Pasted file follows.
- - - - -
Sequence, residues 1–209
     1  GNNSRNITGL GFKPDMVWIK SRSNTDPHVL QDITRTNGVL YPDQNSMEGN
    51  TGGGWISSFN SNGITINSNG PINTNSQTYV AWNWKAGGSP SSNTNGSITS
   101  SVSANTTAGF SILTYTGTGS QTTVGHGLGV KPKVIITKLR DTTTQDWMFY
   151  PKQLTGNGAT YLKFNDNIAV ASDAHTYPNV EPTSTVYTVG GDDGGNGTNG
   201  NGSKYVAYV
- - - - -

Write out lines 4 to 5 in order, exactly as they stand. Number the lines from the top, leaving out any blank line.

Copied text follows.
   101  SVSANTTAGF SILTYTGTGS QTTVGHGLGV KPKVIITKLR DTTTQDWMFY
   151  PKQLTGNGAT YLKFNDNIAV ASDAHTYPNV EPTSTVYTVG GDDGGNGTNG